Posters
Shawnee A


    P44

BIOREMEDIATION OF PESTICIDE-CONTAMINATED SOILS: HERBICIDE INTERACTIONS AND PHYTOREMEDIATION STUDIES

 
J.C. Anhalt, E.L. Kruger, D.L. Sorensen, B. Nelson, S. Zhao, and J.R. Coats, Insectary Building, Pesticide Toxicology Laboratory, Department of Entomology, Iowa State University, Ames, Iowa 50011 Degradation studies were carried out in pesticide-contaminated soils from an Iowa agrochemical dealer site to look at interaction of herbicide mixtures. Atrazine, metolachlor, and pendimethalin were applied individually and in all possible combinations to soil. The rate of application for each chemical was 50 (g/g, representative of contamination problems at mixing and loading areas of agrochemical dealer sites.

Treated soils were incubated at 24 C in the dark for 0, 21, 63, and 160 d, and soil moisture tension was maintained at -33 kPa. Germination and survival of kochia, giant foxtail, birdsfoot trefoil, canola, and soybean were evaluated using subsamples of the treated soils at the end of each incubation period. Plant survival was very good for soybean and canola, but quite poor for kochia.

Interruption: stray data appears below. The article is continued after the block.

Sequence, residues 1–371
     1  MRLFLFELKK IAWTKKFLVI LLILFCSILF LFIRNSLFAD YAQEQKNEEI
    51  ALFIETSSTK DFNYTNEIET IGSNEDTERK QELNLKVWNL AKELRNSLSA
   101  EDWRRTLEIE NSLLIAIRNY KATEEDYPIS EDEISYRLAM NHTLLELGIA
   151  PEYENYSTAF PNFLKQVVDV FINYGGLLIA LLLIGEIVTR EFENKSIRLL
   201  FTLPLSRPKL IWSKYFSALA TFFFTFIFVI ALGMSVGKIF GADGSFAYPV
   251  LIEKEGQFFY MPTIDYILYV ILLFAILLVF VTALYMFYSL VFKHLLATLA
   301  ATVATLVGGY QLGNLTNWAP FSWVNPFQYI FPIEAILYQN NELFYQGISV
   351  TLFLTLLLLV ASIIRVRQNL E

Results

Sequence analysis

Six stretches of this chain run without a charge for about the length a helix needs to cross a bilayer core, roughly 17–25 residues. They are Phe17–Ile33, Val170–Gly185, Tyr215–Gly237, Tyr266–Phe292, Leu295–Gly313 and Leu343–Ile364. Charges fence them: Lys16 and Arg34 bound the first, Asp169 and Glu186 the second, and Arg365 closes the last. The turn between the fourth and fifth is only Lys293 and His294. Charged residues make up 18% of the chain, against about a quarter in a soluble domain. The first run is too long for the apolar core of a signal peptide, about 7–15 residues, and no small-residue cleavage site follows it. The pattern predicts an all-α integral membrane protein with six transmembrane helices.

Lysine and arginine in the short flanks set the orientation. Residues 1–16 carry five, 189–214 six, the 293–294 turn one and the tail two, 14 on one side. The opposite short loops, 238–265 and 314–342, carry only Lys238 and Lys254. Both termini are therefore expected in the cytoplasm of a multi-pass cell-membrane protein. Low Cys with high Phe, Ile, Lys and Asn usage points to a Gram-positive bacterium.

Concentrations of each herbicide were determined by gas chromatography at day 0, 21, 63, and 160. The degradation of atrazine was rapid with less than 6 (g/g remaining after 63 d. There was no significant difference among the treatments. Pendimethalin showed no degradation in any of the treatments after 160 d. Preliminary findings indicate that metolachlor degradation was greater when applied with atrazine than with the other treatments.

Soil respiration was measured by infrared gas analysis for 10 d at the end of each incubation period. Respiration levels were elevated for the first 6 d immediately following treatment, and then declined to very low levels. At the end of day 21, 63, and 160, soil respiration remained at very low levels.

Additional studies were carried out in the greenhouse, using pesticide-contaminated soils from the same location to determine the influence of vegetation on aged pendimethalin residue and freshly applied atrazine, metolachlor, and trifluralin mixtures. Plant species included in this study were natural prairie grasses, woody rose, multiflower rose, and cocklebur. Results will be presented.

Key words: atrazine, metolachlor, pendimethalin, trifluralin, phytoremediation



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Tuesday, May 20, 1997

Metals Kansa A

Remediation of Munitions Compounds Kansa B

Analytical Methods Kansa C/D

General Topics Kansa B


Wednesday, May 21, 1997

Metals Kansa A

Zero-Valent Metals Kansa A

Remediation Kansa A

Vegetation-based Remediation Kansa B

Partnerships & Innovative Technologies Kansa C/D

Nonaqueous Phase Liquids Kansa C/D


Thursday, May 22, 1997

Biofilms & Barriers Kansa A

Bioremediation Kansa B

Partnerships & Technology Innovations Kansa C/D

Remediation Kansa C/D


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